The Super Bowl, like other major sporting events, is a hot spot for sex trafficking. When the Meadowlands Sports Complex in Rutherford, N.J., was chosen to be the site of the 2014 Superbowl, New Jersey Assemblywoman Valerie Huttle (D) and many of her colleagues on both sides of the aisle moved quickly to get the Human Trafficking Protection, Prevention and Treatment Act signed into law.

It raises the penalty for trafficking of minors; establishes a fund to provide services for victims; expands law enforcement training; and establishes a school to educate customers of prostitutes.

The law also targets hotel and motel owners, landlords and taxi drivers. “We received some pushback from these industries,” Huttle says. “They didn’t want to be held accountable.” But, she says, they are the most likely to see suspicious activity that points to trafficking.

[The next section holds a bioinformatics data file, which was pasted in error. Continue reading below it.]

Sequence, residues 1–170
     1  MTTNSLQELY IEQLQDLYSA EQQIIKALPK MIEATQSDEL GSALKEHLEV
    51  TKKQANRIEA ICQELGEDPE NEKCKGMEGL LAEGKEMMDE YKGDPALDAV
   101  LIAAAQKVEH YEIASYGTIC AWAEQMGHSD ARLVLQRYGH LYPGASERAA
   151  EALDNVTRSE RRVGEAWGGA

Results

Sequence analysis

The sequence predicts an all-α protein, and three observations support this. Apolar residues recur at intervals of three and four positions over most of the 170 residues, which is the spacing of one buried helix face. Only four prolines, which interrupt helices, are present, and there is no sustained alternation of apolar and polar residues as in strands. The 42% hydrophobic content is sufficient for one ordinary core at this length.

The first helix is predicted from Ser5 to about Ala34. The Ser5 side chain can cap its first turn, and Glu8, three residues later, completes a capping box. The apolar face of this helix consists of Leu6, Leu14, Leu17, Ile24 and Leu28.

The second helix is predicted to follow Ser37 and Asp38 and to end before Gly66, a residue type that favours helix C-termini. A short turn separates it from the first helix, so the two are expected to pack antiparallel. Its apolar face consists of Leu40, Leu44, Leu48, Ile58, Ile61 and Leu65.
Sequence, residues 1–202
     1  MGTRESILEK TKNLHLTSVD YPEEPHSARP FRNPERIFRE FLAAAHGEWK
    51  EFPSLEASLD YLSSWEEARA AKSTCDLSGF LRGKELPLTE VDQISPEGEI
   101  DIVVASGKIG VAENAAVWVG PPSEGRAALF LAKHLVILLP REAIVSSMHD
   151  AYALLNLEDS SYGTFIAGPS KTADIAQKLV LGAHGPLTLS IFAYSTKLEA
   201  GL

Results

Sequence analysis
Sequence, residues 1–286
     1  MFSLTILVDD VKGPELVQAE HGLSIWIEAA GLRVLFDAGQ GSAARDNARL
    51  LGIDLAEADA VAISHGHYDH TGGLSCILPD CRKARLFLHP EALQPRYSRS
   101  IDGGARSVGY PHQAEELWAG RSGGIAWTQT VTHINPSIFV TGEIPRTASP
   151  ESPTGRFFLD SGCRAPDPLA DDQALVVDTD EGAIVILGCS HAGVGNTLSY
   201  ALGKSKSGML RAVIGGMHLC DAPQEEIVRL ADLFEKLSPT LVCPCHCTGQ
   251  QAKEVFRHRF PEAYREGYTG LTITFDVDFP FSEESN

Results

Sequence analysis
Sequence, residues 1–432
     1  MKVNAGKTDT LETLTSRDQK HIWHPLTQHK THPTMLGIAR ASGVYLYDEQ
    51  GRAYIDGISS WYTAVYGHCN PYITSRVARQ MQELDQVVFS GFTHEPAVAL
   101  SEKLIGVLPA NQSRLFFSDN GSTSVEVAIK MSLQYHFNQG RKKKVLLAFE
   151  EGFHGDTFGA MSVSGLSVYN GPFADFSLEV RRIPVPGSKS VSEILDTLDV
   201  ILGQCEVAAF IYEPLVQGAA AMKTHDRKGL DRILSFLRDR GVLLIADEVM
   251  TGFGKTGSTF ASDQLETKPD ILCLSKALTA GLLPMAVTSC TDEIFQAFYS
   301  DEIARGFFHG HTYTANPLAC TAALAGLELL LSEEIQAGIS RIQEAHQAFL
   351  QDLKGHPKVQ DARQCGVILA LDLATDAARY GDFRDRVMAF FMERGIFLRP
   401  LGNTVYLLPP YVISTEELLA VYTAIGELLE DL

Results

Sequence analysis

By the time the Super Bowl arrived, Huttle says, “We had so many advocates that hotels and motels in the area had little soaps with the 1-800 number for reporting  sex trafficking on them.”

The law also targets escort services and others who advertise commercial sex abuse of minors. “That’s still a thorn in our sides,” Huttle says.


The Alabama Legislature passed its Human Trafficking Safe Harbor Act in April 2016, expanding on trafficking legislation Williams has championed for over half a dozen years.

The law focuses on the demand side of trafficking, establishing fines ranging from $500 for a first charge of soliciting to $1,500 and class A felony charges for the fourth charge. It requires all prostitution charges to be heard in district, rather than municipal, courts. The law also includes forfeiture of property provisions.

In the past, Williams says, “police officers said it wasn’t a problem. Judges said it wasn’t a problem. But within 10 minutes of my home, one little section of one little town averages about 20 arrests for prostitution every month.”